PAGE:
ABILENE, Texas (KTAB/KRBC)- Over the past year due to the pandemic restaurants around the Key City have been struggling to make ends meet, and this winter storm did not make things any easier.
“We actually had one of our customers call this morning, and was ecstatic over the phone that we were open,” said The Flipping Egg General Manager William Bowling.
After being closed for five days The Flipping Egg reopened on Friday. Before they opened their doors to the public those at the restaurant noticed a laundry list of problems the winter storm left behind.
“We actually got water in, and as it went through, we ended up busting one of our pipes. So we had to get the plumbers out here to fix it for us,” said Bowling.
Bowling says the damages cost roughly $2,000 to repair. In addition to the loss of water and bursting pipes, the loss of power caused an even bigger problem.
“Pretty much all of the food we had in our refrigerator and our freezer we had to get rid of. Safety issue and also not having power, we want to make sure our product is fresh,” said Bowling.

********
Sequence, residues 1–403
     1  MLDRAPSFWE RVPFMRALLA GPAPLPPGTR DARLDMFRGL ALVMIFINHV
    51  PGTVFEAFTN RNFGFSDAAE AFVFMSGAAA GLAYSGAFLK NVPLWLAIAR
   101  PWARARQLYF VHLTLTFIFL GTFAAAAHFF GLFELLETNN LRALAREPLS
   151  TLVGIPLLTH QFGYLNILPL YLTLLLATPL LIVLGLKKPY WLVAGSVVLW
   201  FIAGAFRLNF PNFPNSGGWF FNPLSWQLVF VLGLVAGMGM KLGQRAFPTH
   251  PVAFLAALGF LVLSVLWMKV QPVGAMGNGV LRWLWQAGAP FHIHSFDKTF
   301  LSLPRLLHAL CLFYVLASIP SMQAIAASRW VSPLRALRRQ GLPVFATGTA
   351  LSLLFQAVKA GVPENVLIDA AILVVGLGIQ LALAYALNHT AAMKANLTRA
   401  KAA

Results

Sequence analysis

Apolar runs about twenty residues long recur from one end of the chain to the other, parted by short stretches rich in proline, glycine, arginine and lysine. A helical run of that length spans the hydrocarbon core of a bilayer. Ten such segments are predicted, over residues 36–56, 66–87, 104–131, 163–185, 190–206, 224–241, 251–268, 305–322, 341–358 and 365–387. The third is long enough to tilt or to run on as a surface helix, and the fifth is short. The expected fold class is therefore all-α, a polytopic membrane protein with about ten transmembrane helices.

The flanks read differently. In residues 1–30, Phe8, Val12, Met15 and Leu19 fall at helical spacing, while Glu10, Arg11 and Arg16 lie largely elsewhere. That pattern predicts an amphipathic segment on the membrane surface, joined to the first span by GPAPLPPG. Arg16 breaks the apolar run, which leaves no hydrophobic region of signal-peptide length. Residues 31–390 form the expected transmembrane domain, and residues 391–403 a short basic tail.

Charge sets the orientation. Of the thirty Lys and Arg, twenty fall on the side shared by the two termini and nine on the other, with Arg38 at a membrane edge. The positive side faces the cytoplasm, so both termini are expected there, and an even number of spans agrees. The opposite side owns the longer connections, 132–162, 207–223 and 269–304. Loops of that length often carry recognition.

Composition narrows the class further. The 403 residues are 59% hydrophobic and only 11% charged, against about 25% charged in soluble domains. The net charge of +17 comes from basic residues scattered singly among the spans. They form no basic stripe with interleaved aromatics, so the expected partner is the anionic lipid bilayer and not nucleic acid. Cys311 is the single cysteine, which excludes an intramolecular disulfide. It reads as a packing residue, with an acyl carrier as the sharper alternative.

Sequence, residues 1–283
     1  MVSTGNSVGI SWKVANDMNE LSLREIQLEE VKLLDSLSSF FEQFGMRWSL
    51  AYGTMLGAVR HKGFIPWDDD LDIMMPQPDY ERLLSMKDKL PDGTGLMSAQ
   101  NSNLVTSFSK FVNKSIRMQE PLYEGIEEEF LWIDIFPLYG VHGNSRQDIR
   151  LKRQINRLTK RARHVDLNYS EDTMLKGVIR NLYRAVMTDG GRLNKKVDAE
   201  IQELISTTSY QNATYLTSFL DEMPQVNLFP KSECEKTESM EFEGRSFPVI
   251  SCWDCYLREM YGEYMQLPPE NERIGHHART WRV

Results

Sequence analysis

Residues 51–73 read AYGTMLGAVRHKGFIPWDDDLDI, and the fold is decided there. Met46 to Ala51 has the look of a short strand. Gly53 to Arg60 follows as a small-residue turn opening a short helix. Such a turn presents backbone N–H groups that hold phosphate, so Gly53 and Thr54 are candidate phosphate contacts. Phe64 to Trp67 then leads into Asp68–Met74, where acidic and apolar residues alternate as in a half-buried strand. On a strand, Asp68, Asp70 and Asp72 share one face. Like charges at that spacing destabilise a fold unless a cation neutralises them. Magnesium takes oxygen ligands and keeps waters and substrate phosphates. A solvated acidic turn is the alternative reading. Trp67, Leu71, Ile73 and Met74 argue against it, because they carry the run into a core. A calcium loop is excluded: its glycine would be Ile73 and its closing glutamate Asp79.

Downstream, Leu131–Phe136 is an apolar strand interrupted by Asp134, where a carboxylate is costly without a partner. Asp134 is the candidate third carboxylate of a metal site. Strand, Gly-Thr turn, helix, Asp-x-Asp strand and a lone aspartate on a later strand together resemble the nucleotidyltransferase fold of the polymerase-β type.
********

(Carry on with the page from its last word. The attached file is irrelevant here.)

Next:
When any small business closes for almost a week, the closure has financial implications for the future of the business and its ability to pay its employees.
“I just got this job, so it was really, really hard not knowing if I’ll be able to come to work, and when I’ll be able work,” said waitress Salena Paiz.
“Waiting staff come in and they work off their tips and stuff like that. So a lot of them work day to day trying to pay all their bills,” Bowling.
Salena Paiz started waiting tables at The Flipping Egg three weeks ago. For her the combination of not being able to earn money at work, and not having access to water in her apartment has made it difficult for her to care for her five children.
“The water situation kind of had a lot of issues. Not only for me at home because I cook at home, I do have five kids, so knowing that they had finally got their water here (The Flipping Egg) and got it fixed is great because I know that if I needed to I could get something here and bring home to my kids,” said Paiz.
Owner of The Flipping Egg Tammy Reese says, the impact of the storm on her restaurant and her employees felt like a “kick in the shin.”
Reese is happy they are back open to provide an outlet for people in Abilene dealing with the hardships of this unprecedented situation.
“You can tell that some people were just relieved to get that one good cooked meal, that they couldn’t probably do at home with no electricity and no water,” said Paiz.
While Abilene is still under a boiling notice, The Flipping Egg is boiling water to cook safely, and they are using a four-part-filtration system for their soda.